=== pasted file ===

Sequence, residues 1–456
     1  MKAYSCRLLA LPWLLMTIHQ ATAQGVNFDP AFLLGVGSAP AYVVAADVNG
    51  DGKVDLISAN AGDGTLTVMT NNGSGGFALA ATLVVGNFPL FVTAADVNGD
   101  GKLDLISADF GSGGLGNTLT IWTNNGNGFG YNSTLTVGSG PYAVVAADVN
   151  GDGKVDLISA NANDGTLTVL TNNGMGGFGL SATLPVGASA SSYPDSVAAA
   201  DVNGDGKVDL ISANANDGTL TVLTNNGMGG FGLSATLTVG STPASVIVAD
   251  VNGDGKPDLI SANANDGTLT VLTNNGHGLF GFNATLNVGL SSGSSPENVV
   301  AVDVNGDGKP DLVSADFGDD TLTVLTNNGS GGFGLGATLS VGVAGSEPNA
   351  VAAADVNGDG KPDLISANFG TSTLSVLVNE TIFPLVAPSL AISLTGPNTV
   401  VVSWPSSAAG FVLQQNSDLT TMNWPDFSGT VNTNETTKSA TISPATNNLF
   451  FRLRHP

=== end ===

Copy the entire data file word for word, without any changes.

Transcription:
Sequence, residues 1–456
     1  MKAYSCRLLA LPWLLMTIHQ ATAQGVNFDP AFLLGVGSAP AYVVAADVNG
    51  DGKVDLISAN AGDGTLTVMT NNGSGGFALA ATLVVGNFPL FVTAADVNGD
   101  GKLDLISADF GSGGLGNTLT IWTNNGNGFG YNSTLTVGSG PYAVVAADVN
   151  GDGKVDLISA NANDGTLTVL TNNGMGGFGL SATLPVGASA SSYPDSVAAA
   201  DVNGDGKVDL ISANANDGTL TVLTNNGMGG FGLSATLTVG STPASVIVAD
   251  VNGDGKPDLI SANANDGTLT VLTNNGHGLF GFNATLNVGL SSGSSPENVV
   301  AVDVNGDGKP DLVSADFGDD TLTVLTNNGS GGFGLGATLS VGVAGSEPNA
   351  VAAADVNGDG KPDLISANFG TSTLSVLVNE TIFPLVAPSL AISLTGPNTV
   401  VVSWPSSAAG FVLQQNSDLT TMNWPDFSGT VNTNETTKSA TISPATNNLF
   451  FRLRHP